Lessons from the “Torlonia Peplophoros”


Fifteen Roman statues were stolen from the Villa Torlonia mansion in Italy on Nov. 13, 1983. The thief was never caught. The statues seem to have been lying in 'distancing' storage for more than a decade ('Evidence of How the "Legitimate" Antiquities Market Operates and Deals with any Possible Paper Trail'). After this, at least one of them was smuggled into the Unites States in the late 1990s.There it again lay low a while before being purchased for $81,000 by a private art collector in 2001. Sadly, he lost his money because he'd not demanded documented proof that it was indeed of legal origins:
When the collector learned the piece had been pilfered while trying to auction it off in 2015, he turned it over to the FBI in New York, the feds said. The FBI briefly put the statue on display at the New York Historical Society Library on Central Park West and West 76th Street on Wednesday afternoon before shipping it back to its home.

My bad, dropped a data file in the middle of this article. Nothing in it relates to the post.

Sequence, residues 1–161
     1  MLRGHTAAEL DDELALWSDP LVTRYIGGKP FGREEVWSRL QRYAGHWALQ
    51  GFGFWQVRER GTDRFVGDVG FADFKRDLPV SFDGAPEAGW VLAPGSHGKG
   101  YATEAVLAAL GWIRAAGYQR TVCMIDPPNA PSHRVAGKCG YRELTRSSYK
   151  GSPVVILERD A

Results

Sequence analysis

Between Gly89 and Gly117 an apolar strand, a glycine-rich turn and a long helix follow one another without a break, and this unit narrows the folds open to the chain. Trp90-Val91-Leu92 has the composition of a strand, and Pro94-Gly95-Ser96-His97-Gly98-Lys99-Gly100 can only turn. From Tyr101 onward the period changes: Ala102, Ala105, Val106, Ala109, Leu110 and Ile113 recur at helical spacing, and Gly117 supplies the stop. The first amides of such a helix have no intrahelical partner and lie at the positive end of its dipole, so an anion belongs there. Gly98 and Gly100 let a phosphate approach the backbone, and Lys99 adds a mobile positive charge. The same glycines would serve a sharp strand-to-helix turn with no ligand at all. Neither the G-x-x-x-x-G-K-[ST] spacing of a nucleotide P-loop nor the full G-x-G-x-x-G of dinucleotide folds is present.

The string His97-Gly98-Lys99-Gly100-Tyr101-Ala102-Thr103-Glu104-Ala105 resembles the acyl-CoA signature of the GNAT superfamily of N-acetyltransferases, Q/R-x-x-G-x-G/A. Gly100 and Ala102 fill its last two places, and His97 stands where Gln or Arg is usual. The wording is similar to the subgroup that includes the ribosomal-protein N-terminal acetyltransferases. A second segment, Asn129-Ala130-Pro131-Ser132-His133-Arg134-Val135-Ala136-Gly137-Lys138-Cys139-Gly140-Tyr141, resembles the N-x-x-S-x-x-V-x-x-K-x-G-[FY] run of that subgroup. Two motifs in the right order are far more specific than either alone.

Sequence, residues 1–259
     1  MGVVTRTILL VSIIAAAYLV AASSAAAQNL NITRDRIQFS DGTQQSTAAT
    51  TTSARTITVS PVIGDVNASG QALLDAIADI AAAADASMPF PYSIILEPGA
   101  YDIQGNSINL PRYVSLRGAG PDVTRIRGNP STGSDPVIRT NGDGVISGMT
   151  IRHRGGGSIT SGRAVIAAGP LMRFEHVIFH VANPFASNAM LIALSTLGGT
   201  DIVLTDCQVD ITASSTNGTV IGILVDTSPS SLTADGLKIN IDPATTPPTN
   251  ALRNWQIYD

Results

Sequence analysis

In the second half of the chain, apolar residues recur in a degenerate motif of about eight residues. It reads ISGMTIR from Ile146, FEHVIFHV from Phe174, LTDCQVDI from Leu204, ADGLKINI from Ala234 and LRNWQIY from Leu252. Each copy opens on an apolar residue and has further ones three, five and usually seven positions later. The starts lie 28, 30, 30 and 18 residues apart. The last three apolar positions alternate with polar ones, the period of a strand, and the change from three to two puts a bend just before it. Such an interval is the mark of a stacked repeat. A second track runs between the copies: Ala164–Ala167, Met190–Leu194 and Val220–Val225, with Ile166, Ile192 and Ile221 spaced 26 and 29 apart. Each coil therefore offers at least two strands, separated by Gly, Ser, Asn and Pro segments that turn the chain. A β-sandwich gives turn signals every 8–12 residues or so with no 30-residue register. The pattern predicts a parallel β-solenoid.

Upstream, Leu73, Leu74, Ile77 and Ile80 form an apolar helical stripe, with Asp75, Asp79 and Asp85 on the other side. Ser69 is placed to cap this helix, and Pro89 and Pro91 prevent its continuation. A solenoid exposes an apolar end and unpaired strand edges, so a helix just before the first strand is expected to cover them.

This shows the importance of not buying artefacts which have no proper documentation to support the dealer's word-of-mouth assurances that the item is kosher. The Torlonia Peplophoros proved to be an expensive lesson for one collector. Let's hope the dealer is still in business and the collector sues him for a return of his money.




Wednesday, 7 December 2016

"Saving Heritage" or Greedy Grabbing from an Archaeological Resource?


Artefact hunting for free? They
are taking away our heritage
The subeditor who wrote the headline has been listening to the tekkies, the reporter however gets it right, these people are not searching to 'save heritage' (the objects have been safe in the mud centuries), or even record information, most are doing it to get things to collect. When you look at how much the duplicate objects (the ones not needed for collection) fetch on eBay, you ask why the collector should expect to obtain them from the Crown Estate for free: